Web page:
It all began with word play; cult, culture – they must have the same root I thought and yet the word cult has an interpretation which is light years away from culture. Odd.
So, let’s put them together, I thought; a cult of culture… hmm, not bad, but what could the cult be about? Well, culture, obviously, maybe a brand new culture that made things up as it went along, a culture out of control…
And so the idea was born. The more I thought about it, the more ideas sparked off as ‘culture’ became the grinding stone onto which I forced the blade of ‘cult’. It had massive irony and limitless comic potential, there might even be some high profile publicity from a cleverly worded press release somewhere.
So I wrote one. I sent it to a few friends of mine to gauge their reaction. They all thought it highly amusing and a fascinating concept. Eventually, for a joke, I emailed it to the first newspaper I thought of, one of the biggest in the land; The Sun. Within two minutes of it being sent my telephone rang and a Sun journalist was on the line asking me a series of questions, some of which centred around the practices of the cult. This took me completely by surprise and I answered his questions in a deadpan, guarded manner. To my mind, the tone of the conversation was in the desired, ironic spirit. He asked me if I had ever had a cult before. No, I answered, this was my first one. He then asked me how many members were in this cult. I answered two (which was true, in the sense that they had joined in the fun and given themselves ridiculous titles). He lost interest at this stage and asked me to contact him again when the cult had become bigger.
“How many members would it need to be before it was ‘bigger’?”, I asked.
“Oh, half a dozen.” he answered, then put the phone down.
Excitement got the better of me as I marvelled at the ease with which I had got one of the country’s biggest newspapers interested. I only needed four more members and nation-wide exposure for the cult was to be had. Thus started the recruitment drive.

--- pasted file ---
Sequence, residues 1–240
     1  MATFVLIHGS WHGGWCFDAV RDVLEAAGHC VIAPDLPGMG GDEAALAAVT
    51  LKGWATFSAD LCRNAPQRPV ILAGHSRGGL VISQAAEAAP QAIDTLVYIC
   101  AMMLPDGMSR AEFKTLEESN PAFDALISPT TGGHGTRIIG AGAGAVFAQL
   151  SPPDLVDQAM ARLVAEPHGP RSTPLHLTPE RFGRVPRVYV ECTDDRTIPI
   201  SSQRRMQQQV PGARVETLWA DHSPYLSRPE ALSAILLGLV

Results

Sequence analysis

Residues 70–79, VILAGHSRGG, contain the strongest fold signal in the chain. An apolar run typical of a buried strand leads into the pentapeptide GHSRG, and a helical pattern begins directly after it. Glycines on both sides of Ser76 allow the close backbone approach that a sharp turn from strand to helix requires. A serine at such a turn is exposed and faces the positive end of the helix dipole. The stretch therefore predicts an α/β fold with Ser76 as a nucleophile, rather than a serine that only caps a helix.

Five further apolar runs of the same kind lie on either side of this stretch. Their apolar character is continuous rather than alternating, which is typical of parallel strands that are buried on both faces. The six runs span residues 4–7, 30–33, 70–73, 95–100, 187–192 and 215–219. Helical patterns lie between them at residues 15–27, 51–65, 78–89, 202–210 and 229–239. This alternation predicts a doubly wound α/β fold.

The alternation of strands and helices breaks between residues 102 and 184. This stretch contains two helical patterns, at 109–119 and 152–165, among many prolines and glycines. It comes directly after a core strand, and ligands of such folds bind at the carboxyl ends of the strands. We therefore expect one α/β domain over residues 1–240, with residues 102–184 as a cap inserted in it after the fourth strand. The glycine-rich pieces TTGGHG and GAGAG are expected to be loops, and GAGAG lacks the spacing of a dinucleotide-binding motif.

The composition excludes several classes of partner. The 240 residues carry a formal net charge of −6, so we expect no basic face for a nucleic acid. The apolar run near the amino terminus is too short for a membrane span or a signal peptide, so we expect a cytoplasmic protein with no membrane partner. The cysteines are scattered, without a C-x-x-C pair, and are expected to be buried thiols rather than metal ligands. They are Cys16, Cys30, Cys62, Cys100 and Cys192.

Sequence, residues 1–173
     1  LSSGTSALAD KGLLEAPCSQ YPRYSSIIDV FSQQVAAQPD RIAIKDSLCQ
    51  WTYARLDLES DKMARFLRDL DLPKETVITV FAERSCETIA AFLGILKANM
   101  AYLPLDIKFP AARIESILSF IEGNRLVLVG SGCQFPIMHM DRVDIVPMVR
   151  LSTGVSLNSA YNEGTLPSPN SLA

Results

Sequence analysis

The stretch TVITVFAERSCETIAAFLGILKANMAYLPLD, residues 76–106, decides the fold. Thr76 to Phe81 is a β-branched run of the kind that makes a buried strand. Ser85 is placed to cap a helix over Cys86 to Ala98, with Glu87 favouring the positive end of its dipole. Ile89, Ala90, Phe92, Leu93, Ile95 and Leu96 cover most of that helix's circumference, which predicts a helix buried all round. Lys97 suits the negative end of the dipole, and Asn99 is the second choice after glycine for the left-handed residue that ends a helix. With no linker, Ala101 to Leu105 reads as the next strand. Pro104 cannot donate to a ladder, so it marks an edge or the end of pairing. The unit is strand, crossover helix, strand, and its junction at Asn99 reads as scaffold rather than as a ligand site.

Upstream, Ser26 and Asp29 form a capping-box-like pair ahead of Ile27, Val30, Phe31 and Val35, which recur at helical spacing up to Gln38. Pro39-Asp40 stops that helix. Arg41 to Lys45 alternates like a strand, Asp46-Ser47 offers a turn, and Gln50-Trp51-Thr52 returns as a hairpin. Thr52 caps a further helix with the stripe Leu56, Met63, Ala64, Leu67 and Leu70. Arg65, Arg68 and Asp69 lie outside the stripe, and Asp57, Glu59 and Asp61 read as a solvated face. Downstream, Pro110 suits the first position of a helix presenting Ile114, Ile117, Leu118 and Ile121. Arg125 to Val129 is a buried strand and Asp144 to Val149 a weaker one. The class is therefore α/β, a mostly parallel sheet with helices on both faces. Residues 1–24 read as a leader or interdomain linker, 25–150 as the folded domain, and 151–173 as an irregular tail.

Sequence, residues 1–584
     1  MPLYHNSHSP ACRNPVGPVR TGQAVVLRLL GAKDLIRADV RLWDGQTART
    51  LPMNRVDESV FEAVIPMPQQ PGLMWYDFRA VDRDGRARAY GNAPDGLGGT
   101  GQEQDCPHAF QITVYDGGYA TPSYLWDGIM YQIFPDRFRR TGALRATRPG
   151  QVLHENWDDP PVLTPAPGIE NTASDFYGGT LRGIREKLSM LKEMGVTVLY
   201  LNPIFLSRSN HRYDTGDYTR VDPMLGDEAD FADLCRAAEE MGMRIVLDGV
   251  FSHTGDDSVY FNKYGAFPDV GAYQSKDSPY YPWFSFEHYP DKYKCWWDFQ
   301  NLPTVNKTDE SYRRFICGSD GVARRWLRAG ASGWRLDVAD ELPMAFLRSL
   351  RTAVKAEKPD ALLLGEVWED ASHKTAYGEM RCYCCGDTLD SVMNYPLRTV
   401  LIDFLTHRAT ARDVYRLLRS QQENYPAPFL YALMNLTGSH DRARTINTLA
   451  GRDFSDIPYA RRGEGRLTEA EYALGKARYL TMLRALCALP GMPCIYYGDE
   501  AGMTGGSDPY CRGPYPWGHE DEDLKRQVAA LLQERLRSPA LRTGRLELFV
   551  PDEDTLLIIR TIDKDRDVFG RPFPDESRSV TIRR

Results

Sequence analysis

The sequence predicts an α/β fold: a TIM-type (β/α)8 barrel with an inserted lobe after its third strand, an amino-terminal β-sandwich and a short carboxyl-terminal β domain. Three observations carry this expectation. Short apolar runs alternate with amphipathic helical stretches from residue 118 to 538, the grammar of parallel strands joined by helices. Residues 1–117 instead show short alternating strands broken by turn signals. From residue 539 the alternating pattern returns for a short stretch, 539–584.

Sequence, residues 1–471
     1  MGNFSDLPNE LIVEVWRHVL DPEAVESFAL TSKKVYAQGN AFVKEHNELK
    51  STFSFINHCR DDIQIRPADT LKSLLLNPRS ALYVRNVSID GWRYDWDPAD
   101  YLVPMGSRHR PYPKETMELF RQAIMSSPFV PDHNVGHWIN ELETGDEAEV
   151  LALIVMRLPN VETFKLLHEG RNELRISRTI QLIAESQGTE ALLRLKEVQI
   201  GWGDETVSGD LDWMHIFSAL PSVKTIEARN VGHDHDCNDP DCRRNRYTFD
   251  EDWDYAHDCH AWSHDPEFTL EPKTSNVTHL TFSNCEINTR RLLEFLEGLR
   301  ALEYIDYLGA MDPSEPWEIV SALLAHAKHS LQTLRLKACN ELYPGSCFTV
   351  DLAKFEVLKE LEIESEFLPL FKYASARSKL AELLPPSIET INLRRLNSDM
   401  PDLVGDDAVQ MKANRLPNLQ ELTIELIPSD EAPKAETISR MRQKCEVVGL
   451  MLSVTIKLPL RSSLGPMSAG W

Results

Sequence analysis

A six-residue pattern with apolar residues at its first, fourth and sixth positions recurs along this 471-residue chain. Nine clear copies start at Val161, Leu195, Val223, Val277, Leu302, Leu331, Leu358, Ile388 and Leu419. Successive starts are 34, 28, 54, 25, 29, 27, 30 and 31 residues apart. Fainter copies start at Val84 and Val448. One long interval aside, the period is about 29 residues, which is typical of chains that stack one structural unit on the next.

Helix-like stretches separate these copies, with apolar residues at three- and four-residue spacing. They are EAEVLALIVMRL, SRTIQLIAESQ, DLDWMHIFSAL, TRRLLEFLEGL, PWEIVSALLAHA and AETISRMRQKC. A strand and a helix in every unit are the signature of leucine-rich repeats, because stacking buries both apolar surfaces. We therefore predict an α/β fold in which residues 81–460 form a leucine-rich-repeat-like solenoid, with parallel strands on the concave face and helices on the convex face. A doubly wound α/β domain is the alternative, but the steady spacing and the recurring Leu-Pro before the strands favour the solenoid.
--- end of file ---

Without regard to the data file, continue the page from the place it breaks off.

I sent an email to my freethinking friends explaining the situation with the caveat that there could be a slight possibility that The Sun may want to name or photograph them. This was possibly their fifteen minutes of fame that Andy Warhol had promised them and I eagerly awaited the flood of membership applications to come in, along with their creatively absurd, self appointed titles.
Silence. Puzzled, I telephoned one or two to ask why they hadn’t responded. It turned out that they were nervous about the possible publicity and ‘fallout’ from the cult label, especially with the tabloid Sun newspaper reporting it. I should explain that the people I spoke to are artists and musicians.
I was surprised and amazed. The concept was a joke, surely anyone could see that? Apparently not, irony is not a strong point with The Sun (I have to confess I never read it and I am only aware of its reputation from the law suits filed against it by wealthy individuals). How they would report my story would probably be in keeping with their reputation. The Sun was a tiger and I had invited my friends to join me in riding it.
I searched for allies further afield and contacted people who I thought would be sympathetic to the core message of resisting corporate homogeneity. Silence. I was beginning to feel like a pariah at this stage. Even ‘hard left’ freethinkers balked at the idea of ‘coming out’ about joining a spoof cult. Artists told me they were afraid it might hurt their career. Artists. What is the job of an artist? No, seriously, what is the purpose of art?
This was turning into something I had not expected and raised some profound questions about mind control. It was almost as if my joke about a spoof cult being out of the control of the authorities had inadvertently exposed a far bigger, more insidious and powerful cult; the cult of conformity. Even artists were ‘afraid’ to appear provocative, controversial, creative. What does that say about the society we live in? We hear stories of tyrannical regimes that overtly use fear tactics to keep their population under control. How much cleverer is it then to use covert fear so that the population are not even aware that they are being controlled? Isn’t this one of the definitions of a cult?
Maybe I’m reading too much into this but I find it strange that everyone liked the idea of the cult of culture and yet very few people were willing to get involved with it (incidentally, my thanks go to Dave Pollard, an established ’serious’ author in Canada who was one of the three other people who did respond to my invitation and who adventurously joined in the fun). Being ’serious’ at something, doesn’t disqualify you from having fun as well.
Even on this very small scale I got an insight into the power of ideas and our automatic, irrational reaction to new ones. Those who propose radical new ideas have my utmost respect because they must know that, if reasoned convincingly enough, their ideas necessarily threaten an existing power base. This is why people go to war over ideas. What courage Charles Darwin must have had to put his name to such an heretical idea as a theory of evolution.
As for the cult of culture, I intend to turn it into a routine for stand-up comedy and possibly a cartoon strip. All the jokes will be at the expense of ourselves.